Alexandra Harris is the author of Romantic Moderns, Weatherland, a short book on Virginia Woolf and many essays on art, literature and landscape. She is a Professorial Fellow in English at the University of Birmingham.
This was the first novel I taught when I started my job at the University of Liverpool and I still re-read it every year with the deepest pleasure. It’s about the lives of pioneers on the plains of Nebraska, and it’s narrated by a man going back to the landscapes and the people of his childhood. It’s a study of long-held feelings, friendship and loyalty, resilience and craftsmanship. It’s about memory, and every reader will remember it in different ways: those memories (of tableaux? of emblems? of people and conversations? of movement or stillness) are always worth examining together.
Sir Gawain and the Green Knight
Don’t let the language put you off: if you use an edition with facing-page translation you can dip in and out of the Middle English as you please. Part of the joy of this exquisitely crafted poem is in the formality, artifice and intricacy; it works through symmetries and ceremonies like a courtly dance. But it’s so many other things too. It pulls us in to focus on sharply observed details (the mist on a hill-top, the embroidery on a coat), then it makes us feel the whole ebb and flow of vitality through the passage of the year.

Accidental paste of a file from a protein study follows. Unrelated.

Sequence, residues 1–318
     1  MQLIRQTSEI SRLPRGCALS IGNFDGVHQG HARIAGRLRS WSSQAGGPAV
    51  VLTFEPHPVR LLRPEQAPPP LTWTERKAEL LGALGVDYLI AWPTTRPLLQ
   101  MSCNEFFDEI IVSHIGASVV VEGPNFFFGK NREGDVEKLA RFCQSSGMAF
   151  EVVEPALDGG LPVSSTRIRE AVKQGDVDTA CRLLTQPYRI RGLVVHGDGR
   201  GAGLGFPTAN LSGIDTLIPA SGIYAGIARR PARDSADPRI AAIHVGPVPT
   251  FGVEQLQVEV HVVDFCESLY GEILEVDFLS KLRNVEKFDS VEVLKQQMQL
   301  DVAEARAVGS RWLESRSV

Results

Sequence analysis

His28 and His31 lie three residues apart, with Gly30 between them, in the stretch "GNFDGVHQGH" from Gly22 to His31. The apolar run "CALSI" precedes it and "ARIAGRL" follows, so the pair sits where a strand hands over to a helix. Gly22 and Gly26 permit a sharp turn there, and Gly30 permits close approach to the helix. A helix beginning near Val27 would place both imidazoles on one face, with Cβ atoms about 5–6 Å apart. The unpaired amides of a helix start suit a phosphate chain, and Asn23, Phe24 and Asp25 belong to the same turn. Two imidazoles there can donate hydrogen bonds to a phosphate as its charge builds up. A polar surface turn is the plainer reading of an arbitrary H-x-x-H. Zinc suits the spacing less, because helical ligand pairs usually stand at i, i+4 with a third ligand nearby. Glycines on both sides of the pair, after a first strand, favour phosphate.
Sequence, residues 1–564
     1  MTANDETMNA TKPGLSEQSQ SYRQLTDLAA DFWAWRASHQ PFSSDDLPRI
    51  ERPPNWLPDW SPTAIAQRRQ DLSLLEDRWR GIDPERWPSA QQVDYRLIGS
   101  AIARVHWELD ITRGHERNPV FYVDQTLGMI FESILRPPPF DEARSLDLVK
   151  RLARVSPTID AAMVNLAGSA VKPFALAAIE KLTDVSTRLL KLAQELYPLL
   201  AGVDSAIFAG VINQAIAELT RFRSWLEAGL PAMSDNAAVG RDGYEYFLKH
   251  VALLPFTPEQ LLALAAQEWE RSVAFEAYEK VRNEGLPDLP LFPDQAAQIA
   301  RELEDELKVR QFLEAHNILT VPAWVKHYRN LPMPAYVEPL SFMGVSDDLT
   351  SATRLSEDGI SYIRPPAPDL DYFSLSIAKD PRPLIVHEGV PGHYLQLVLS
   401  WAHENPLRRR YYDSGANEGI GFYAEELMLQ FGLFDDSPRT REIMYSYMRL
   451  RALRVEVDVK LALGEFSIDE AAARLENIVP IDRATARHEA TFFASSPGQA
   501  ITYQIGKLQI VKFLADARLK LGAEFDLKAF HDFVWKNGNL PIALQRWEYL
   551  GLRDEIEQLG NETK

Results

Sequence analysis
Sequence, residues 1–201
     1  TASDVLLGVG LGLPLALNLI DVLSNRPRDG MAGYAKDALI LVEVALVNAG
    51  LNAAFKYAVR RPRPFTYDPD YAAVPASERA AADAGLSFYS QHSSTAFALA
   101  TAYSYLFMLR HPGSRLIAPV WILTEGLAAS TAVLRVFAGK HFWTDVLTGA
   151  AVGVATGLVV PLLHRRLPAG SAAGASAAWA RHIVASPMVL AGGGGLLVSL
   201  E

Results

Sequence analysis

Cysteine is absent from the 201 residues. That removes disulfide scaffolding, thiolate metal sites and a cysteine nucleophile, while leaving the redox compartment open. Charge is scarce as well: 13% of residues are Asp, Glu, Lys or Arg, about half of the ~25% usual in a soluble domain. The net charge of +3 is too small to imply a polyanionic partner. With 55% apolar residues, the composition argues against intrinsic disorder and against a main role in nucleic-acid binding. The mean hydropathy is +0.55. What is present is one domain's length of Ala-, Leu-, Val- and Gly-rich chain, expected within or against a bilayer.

Moments of Being
This is a collection of her autobiographical writing and includes ‘A Sketch of the Past’, a draft of the memoir she began and never finished. It probably isn’t the best place to start with Woolf (that’s To the Lighthouse, in my view) but here she sits in the tense wartime days of 1939 and 1940, thinking her way back to her childhood, trying to work out who her parents were, hauling in memories (she says) like great nets of sardines. She works out here some of her central philosophies of life, reaching for meaning at a time when death seemed always close.
Vision and Design
This is a book-club read that might be followed by a gallery outing. What’s so striking about Fry’s writing on art, and my reason for recommending this 1920 collection even though you may have to get it second hand, is the force with which he proposes a way of looking at pictures. He focuses on form rather than subject: that’s the heart of it. He writes about what happens when you respond intensely to line, colour and design. It doesn’t matter how much or little you know about art, or indeed whether you agree with him or not. He asks you to change your perspective on whatever you’re looking at – and that’s always a good basis for discussion. Fry was a great influence on Virginia Woolf, and if you’ve read some of her novels you’ll see connections.